As recently as a few weeks ago, I was giving a lecture to a group of trainees and junior faculty at a prestigious medical center. The person introducing me was briefly reviewing my bio aloud for the audience and said, "In 2006, she accepted her current position as..." He followed that up by saying that he didn't know how I had ended up in my current position, which is somewhat unusual, and suggested that I briefly elaborate on how I came to take that job and what I do there. I explained that the job enabled me to do all of the things I really enjoy about medicine--think about important questions in oncology and design trials to answer them, see patients, etc--without many of the things I find unpleasant about medicine like having to write grants or rush through patient visits. What I didn't say was that the job also offered me a ton of flexibility. I didn't mention that it's the norm where I work for doctors to work a flexible schedule, that it's the rule not the exception for doctors there to work from home a couple days per week, and that, importantly, my boss-to-be had not only been persuaded to make the position part-time for me but had continued to advocate for me in that regard over the ensuing six years, spontaneously reminding people to be sure to schedule meetings on one of my three work days and asking that they be moved when they had been inadvertently scheduled on one of my "mom" days, etc. I had a chance to stand up at a major medical center, where I had been invited to speak because I have achieved some degree of expertise and respect in my field, and out myself as a working mother doing what it takes to make it all work for my career and family. And I blew it. When someone made a comment to the effect that I had two full-time jobs (because my appointment is a joint ones that spans two institutions), I smiled politely and accepted the obvious unspoken kudos. I didn't say, "No, actually I have two part-time jobs that still add up to less than a full-time job." Why not?

Like most part-timers, I have busted my tail at my job for the last 6 years. This is probably the result of some combination of typical doctorly compulsiveness, genuine career aspirations, work ethic, and desire to "prove" to my boss that letting me start and remain part-time was a good choice, both for myself and for future employees. But the truth is that it also allowed me to remain productive enough that colleagues in my field at other institutions never questioned whether I was full-time, and I was just fine with that. I had a sense, rightly or wrongly, that if they knew I was part-time, I would be in some way discounted as not as serious or not as dedicated as the almost exclusively full-time male doctors, or even the full-time female doctors. I'd be in a class all my own, and not in a good way. To this day, many of the people I work with at my own institution have no idea that I work part-time! Almost none of my colleagues at other institutions know.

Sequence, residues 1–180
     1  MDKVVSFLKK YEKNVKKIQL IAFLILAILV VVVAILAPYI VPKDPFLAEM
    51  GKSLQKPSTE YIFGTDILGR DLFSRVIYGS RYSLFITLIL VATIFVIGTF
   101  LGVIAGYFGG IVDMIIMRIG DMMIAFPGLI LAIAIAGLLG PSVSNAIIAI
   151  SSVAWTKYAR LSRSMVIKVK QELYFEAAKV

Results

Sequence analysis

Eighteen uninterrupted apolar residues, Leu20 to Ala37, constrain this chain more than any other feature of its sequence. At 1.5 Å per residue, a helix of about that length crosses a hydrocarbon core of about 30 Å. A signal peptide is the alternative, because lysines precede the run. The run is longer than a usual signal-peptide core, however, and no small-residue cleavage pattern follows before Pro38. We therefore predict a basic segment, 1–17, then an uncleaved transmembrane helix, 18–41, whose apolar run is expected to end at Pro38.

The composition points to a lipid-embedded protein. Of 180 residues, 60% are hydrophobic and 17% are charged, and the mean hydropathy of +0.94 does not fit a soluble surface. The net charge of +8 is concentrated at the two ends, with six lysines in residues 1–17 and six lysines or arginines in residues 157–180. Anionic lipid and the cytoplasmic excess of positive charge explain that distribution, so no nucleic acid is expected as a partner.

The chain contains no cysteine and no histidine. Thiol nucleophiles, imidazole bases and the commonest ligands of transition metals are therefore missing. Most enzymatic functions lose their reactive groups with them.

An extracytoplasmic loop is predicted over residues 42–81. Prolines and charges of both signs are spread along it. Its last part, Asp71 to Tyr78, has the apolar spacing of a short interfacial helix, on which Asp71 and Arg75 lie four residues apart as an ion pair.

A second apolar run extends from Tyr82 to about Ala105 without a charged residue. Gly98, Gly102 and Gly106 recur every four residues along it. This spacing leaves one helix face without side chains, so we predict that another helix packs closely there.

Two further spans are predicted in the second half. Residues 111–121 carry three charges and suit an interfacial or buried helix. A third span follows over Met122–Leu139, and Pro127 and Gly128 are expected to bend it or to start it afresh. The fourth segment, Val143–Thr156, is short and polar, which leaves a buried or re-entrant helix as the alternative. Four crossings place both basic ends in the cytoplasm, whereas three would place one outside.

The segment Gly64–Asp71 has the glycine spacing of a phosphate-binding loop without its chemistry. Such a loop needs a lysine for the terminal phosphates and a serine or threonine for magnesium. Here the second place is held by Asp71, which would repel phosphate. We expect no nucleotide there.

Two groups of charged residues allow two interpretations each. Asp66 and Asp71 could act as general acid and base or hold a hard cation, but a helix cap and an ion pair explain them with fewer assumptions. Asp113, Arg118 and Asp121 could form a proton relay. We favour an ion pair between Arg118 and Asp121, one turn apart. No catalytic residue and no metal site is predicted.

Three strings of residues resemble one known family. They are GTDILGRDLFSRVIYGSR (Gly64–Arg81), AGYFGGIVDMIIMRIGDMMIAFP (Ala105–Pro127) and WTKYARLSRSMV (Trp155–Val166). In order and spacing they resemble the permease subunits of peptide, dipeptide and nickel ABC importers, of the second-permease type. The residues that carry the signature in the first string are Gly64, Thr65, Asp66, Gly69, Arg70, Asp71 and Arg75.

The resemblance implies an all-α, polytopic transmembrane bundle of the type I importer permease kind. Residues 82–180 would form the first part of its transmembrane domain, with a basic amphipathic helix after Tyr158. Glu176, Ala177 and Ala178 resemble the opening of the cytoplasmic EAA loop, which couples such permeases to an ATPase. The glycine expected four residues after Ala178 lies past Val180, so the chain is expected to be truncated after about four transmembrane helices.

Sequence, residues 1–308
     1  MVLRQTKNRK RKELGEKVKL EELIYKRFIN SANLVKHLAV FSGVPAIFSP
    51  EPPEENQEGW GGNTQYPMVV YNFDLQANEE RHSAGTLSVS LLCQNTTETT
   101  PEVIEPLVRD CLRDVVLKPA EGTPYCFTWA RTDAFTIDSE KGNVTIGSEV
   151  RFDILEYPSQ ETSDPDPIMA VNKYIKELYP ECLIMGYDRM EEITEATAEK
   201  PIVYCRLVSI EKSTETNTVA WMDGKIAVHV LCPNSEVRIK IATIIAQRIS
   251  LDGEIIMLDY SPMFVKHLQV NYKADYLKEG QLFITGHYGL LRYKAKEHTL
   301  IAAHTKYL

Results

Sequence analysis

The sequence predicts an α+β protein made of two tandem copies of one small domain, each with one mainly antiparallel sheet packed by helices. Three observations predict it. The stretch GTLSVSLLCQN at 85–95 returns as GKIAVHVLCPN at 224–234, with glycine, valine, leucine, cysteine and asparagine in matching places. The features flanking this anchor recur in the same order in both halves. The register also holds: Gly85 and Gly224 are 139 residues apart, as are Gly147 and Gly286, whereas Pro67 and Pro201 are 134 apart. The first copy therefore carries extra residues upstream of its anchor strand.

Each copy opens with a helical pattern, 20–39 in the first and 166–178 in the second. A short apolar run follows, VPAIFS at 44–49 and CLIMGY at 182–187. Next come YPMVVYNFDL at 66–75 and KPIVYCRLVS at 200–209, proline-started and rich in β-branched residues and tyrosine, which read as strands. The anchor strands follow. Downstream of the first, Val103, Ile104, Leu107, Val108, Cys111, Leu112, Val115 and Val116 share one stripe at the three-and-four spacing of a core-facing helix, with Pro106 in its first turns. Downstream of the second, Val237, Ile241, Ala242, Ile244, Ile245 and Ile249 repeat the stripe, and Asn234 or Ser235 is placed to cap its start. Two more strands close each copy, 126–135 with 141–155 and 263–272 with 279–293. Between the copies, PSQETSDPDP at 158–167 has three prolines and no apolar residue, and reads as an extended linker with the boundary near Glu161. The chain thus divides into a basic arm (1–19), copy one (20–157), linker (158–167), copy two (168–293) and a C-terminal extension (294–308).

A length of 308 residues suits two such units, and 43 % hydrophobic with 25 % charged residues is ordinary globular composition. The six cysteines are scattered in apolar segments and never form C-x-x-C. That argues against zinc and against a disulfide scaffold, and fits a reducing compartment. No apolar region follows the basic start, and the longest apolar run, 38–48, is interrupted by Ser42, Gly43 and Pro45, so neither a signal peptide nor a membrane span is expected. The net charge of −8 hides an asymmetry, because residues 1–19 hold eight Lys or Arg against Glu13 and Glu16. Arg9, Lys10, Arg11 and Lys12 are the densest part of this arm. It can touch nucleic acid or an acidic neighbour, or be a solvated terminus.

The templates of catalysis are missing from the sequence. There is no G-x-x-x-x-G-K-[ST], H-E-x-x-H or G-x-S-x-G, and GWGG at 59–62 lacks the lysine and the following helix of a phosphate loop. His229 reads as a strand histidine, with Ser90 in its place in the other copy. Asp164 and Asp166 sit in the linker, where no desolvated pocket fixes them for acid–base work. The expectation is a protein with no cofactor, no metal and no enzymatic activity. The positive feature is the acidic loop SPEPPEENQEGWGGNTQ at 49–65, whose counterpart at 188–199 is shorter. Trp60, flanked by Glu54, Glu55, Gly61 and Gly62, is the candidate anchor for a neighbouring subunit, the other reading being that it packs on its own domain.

With the publication of the article today, I had a realization that, although I am not now and will presumably never be the COO of a large corporation, I have to some degree arrived in medicine. Whether it's my age or my productivity or ideally both, I am officially mid-career. And I owe it to my colleagues, both those at similar places in their careers, but more importantly those who will follow in our footsteps, to talk explicitly about work/life balance and physician/parenting challenges and solutions so that we can finally walk out the main entrance and call out a cheerful goodbye to all we encounter. It's time to end the stigma of working parenthood. I have decided, it's time.

Tuesday, April 17, 2012

back to work

Comparing maternity leaves and deeming one the all-out winner feels a bit like comparing the children themselves. I am back at work after my second leave and feeling reflective on what has been the best three months of my life. The same cannot be said of my first leave, but I think I can make a pretty good argument that it was extenuating circumstances unrelated to child A or B that resulted in a very different experience.

First, I wasn’t interviewing for fellowship. As someone accustomed to multitasking long before mommyhood, I mistakenly thought I’d prepare for interviews in the few weeks after my daughter was born. Not surprisingly, this ended up not being a poor plan and I spent the interview season in a state of frazzled exhaustion. In retrospect I wished I had contacted each program, explained the situation, and asked if they could arrange a different day for me to interview while I was still pregnant. I don’t know if they would have agreed, but it never occurred to ask.

As if the pressure of interviewing weren’t enough, the perpetually drunk and/or high man who lived above our apartment flooded us when our daughter was five weeks old. Our apartment was uninhabitable for three weeks, a period during which we were set up with some of our belongings in an apartment close-by.  I had to deal with the agents from our insurance company, his insurance company, and our property manager, as well as itemize and dispose of everything that was ruined.

I was determined that this time things would be different. Obviously there was nothing we could have done about some idiot who decided to make our apartment into a rainforest, but I would make a concerted effort to avoid multitasking if it meant making life more stressful. Formal baby announcements? I decided a Facebook pic was good enough. Baby scrapbook? He doesn’t have one. (Some people are good at the scrapbook thing and enjoy it. I’m not and found it yet another source of stress). Thank goodness I didn’t have any interviews. I told family and friends that if they wanted to see the baby, they had to come to us. I decided to expect very very little of myself on a day-to-day basis.

I am not someone who gets bored easily, so spending an entire day under the weight of my newborn son was pretty close to heaven. I did a lot of reading, writing, and listening to books while pushing the stroller. Dinners were simple.

And I just feel better about the time and attention my son got as compared to what I gave my daughter.